Congratulations on your decision to replace the windows of your Minneapolis home, but selecting which windows will enhance your home’s appearance and meet the energy efficiency level you desire will be a tough decision too. Understanding the difference in window styles and features they offer is an important next step in your window purchase process. Selecting the right windows really depends on your home’s architecture, the purpose or use of the window, and of course, your budget.
STYLES OF WINDOWS TO CONSIDER:
Awning Windows — Hinged from the top and opening outward from the bottom, awning window's construction pushes water away from the window opening. Awning windows are mounted over fixed windows or in garages above eye level to provide ventilation and privacy. Awning windows are often found on southern home designs.
Bay and Bow Windows — Bay windows commonly feature a large window in the middle bordered on either side by double-hung or casement windows set at 30- or 45-degree angles. The windows can be opened or fixed (or a blend of the two). The bow window feature four or more equal-size windows, likely casements structured to make a gradual arching insert. Bay and bow windows offer impressive sweeping views, as well as giving a room the illusion of being larger than it is. Many of our Minneapolis area customers opt to include a convenient window sitting area to their bay or bow windows in order to further enjoy the open feeling that they offer.
Casement Windows — Usually referred to as “crank out windows”, casement windows are one of the highest demand style of windows in the Minneapolis area. Found within numerous home designs, casement windows have a single sash that’s mounted on either side and opens by using a crank handle. Because of its design, ventilation is aplenty with casement windows compared to double-hung windows (particularly if your window opening faces the direction of the wind). From an overall appearance standpoint, we recommend casement windows for taller windows, over wider ones. We would suggest you avoid casement windows in high traffic areas, due to the fact that they take up
more space when open.
Double-Hung Windows — Most commonly used in traditional, Colonial or Victorian home designs, double-hung windows feature two sashes within a single frame. The top and bottom sash bypass each other vertically
when opening from the bottom up or the top down. Double-hung windows are most striking when they are about two-times the height as they are wide and each sash is an equal-sized square.
Fixed Windows — Fixed windows are most often used as a primary focal point or within a pattern combined with other windows. Commonly shaped in a circle, square, or hexagon, fixed windows don’t open, as they are meant to add an architectural enhancement to your Minneapolis house.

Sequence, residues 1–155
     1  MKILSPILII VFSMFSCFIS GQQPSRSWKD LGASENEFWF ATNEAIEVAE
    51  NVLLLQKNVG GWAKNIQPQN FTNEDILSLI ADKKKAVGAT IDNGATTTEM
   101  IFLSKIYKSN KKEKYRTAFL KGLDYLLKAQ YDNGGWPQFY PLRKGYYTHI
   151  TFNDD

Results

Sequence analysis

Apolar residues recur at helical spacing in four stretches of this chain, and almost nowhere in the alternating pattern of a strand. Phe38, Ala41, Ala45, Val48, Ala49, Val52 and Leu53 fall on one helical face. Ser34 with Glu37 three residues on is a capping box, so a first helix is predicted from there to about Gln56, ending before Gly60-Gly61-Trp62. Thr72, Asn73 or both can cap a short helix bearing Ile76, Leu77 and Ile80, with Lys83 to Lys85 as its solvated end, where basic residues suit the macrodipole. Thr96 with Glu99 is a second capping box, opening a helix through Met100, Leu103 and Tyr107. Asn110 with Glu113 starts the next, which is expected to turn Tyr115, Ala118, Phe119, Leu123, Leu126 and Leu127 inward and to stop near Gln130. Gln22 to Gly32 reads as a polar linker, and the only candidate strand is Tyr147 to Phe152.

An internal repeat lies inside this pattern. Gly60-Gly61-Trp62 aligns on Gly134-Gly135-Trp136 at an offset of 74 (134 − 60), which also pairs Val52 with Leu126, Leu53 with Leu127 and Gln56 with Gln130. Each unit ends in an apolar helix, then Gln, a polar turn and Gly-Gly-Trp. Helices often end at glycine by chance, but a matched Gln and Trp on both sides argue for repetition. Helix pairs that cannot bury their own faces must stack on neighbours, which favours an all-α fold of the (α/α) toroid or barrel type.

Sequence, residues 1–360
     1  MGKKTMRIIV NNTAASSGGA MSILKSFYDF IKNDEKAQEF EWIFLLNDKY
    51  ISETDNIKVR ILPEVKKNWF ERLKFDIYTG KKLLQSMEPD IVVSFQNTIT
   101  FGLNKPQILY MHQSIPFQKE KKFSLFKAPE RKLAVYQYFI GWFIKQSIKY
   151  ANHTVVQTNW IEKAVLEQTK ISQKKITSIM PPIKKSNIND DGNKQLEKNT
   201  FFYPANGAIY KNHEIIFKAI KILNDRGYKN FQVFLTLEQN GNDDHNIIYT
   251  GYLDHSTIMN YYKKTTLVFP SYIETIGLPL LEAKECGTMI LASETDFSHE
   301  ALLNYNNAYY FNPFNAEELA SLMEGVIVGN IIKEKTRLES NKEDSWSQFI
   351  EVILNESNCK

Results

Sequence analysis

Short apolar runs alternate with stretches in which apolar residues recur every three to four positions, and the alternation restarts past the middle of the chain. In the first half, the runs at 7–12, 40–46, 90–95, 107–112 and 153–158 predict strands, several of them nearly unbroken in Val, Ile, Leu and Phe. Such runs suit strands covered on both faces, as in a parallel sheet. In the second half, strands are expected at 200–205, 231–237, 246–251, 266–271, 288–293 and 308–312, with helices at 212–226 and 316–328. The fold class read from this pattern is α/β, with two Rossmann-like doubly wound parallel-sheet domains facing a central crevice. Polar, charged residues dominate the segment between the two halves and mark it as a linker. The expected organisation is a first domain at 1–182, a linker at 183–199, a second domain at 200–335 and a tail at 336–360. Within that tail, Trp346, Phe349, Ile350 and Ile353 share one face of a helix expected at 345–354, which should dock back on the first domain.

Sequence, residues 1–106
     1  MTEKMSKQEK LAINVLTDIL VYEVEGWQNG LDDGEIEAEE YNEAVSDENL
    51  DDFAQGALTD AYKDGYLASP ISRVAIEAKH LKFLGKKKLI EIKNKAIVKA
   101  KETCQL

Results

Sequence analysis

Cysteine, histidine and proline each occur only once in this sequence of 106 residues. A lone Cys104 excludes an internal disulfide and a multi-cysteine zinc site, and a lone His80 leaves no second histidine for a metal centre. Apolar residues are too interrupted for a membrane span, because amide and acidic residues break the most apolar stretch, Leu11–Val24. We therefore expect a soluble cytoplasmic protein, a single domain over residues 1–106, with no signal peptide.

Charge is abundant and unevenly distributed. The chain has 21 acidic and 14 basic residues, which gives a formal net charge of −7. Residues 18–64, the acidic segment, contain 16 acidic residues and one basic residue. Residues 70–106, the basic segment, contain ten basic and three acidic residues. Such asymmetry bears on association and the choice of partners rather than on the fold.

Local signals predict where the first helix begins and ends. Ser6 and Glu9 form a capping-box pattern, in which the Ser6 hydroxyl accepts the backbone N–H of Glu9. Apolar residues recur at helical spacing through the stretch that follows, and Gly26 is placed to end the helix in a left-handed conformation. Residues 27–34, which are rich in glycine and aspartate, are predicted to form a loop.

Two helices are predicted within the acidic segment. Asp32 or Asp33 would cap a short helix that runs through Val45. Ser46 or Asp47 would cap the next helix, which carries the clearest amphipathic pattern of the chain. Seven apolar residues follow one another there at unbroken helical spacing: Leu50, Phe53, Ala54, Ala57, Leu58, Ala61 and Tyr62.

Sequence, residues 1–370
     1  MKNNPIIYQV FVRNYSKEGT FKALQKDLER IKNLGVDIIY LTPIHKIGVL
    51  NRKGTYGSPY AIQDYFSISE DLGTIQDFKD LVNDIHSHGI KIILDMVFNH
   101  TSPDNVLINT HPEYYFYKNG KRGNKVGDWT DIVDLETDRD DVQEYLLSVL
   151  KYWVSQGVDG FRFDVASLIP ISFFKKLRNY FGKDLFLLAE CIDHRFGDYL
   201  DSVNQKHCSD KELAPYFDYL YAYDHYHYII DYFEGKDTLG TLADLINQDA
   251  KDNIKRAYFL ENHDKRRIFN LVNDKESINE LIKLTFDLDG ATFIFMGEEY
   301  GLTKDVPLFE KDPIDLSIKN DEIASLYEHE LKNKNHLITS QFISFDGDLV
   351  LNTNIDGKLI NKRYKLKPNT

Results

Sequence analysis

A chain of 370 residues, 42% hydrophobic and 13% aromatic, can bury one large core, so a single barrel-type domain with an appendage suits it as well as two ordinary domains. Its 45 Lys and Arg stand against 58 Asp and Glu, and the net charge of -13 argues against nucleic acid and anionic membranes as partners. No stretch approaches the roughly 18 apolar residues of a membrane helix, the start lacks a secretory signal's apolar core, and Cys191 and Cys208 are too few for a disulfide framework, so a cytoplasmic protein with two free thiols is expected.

Single-Hung Windows — Single-hung windows are almost the same as double hung windows, with one unique feature: only the bottom sash opens by pushing upward; the top sash cannot open.
Sliding Windows — Referred to as sliders or gliders, sliding windows open exactly as their name implies; they move side-to-side horizontally. Sliders are great for those hard-to-reach areas in your Minneapolis home, such as over the kitchen sink. These windows are frequently used in multi-family buildings and apartment complexes.
Skylights — Those Minneapolis homeowners that would like the extra natural light that windows bring, yet they do not have the room to permit common wall-installed windows, may want to ponder a skylight. Skylights can be opened manually or by remote control (if such functionality is offered), which often brings in more light and heat than windows due to their rooftop positioning.
Transom — Not unlike fixed windows, transoms are usually combined with other window styles, and can be either fixed or vented units. They often are installed atop or below the main window or door. Transoms give the illusion of taller windows by allowing more sunlight in and more airflow if the windows vent. Transom windows are available in a variety of shapes, including square, rectangular, half-circle, elliptical and more.
Window Wall — Just as the name suggests, a window wall is literally a wall of windows that don’t open and stretch from floor to ceiling. The windows that make up the wall can be of similar or different sizes/shapes and be used for either exterior or interior walls.
To find the right window for your Minneapolis area home, please call Pella Windows and Doors to schedule a no obligation appointment.